Some Aspects of Population Dynamics Relative to Augmentation of Natural Enemy Action

  • C. B. Huffaker
  • R. L. Rabb
  • J. A. Logan
Part of the Environmental Science Research book series (ESRH, volume 11)


This volume deals with augmentation of natural enemy action — a pest control strategy having several specific tactical components. To do so objectively, this strategy must be placed in a realistic ecological and economic framework broad enough to include situations where the strategy might be used successfully alone, where it can be used as one component in an integrated pest management system, and (very importantly) where it has little promise of successful application. The probable direct and indirect effects of its application must be ascertained and compared with those to be expected from the application of alternative strategies and tactics. This comparison must be on a cost-benefit basis from a long-term, as well as short-term view (the long-term view essentially is that the practice must not detract from the crop production or profit potential of the area in which it is used; i.e., it must be both ecologically and economically sound).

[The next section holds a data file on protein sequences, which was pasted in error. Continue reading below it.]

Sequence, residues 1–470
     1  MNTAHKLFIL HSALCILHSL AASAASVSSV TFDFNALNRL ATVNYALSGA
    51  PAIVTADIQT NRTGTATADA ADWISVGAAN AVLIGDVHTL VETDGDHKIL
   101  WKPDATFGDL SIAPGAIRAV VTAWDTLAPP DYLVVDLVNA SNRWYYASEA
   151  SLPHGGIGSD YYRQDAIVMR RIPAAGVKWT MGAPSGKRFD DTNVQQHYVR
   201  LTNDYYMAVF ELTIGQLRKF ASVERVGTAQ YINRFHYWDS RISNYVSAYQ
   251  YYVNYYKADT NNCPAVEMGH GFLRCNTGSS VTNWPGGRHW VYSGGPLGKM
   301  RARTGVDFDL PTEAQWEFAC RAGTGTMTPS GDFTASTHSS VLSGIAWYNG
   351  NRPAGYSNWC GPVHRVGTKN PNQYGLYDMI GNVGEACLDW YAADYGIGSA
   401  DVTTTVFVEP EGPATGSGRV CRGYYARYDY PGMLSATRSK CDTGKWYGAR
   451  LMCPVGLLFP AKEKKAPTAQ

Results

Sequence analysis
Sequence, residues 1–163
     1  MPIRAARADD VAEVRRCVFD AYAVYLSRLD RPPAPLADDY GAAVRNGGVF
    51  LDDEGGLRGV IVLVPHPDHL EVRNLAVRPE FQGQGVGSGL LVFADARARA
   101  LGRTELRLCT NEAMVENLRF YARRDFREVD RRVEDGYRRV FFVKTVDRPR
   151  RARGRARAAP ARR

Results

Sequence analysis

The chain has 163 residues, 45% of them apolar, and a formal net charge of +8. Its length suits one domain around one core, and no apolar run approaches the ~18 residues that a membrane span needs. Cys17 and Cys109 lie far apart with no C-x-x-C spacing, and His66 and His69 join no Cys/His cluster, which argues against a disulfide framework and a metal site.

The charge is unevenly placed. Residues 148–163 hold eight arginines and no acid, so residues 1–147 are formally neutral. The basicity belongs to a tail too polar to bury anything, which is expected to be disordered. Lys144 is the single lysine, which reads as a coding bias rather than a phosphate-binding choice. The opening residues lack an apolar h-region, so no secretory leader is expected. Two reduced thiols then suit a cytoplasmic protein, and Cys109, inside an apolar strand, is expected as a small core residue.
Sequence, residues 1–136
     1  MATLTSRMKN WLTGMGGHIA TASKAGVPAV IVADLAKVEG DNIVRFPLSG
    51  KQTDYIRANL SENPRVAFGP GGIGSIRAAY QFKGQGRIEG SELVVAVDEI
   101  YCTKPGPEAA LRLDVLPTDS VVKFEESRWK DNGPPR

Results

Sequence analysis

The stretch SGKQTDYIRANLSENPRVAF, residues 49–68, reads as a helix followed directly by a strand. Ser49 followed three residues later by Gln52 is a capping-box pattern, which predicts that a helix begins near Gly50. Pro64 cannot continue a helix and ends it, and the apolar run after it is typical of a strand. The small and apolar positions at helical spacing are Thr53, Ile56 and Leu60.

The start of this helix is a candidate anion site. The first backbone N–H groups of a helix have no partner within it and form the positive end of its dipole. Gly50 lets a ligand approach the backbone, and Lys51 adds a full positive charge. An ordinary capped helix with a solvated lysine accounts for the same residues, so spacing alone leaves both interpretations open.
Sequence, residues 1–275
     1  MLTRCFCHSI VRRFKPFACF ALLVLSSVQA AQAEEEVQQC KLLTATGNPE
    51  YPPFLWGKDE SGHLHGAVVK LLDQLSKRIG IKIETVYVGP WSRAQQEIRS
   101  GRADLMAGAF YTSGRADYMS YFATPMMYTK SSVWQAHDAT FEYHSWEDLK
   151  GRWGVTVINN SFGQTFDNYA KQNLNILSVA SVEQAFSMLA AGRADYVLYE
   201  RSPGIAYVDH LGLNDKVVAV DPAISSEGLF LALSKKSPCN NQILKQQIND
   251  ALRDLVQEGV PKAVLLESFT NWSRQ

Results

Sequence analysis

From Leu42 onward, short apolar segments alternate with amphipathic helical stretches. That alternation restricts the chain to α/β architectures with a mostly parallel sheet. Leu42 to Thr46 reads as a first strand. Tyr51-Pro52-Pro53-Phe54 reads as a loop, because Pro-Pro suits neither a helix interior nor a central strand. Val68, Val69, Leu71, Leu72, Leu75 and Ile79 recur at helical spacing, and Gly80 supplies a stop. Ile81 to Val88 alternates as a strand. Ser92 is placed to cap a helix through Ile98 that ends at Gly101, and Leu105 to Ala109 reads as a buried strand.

Biological Control Natural Enemy Prey Density Intraspecific Competition Pest Population 


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Copyright information

© Plenum Press, New York 1977

Authors and Affiliations

  • C. B. Huffaker
    • 1
    • 2
  • R. L. Rabb
    • 1
    • 2
  • J. A. Logan
    • 1
    • 2
  1. 1.Department of Biological ControlUniversity of California BerkeleyAlbanyUSA
  2. 2.Department of EntomologyNorth Carolina State UniversityRaleighUSA

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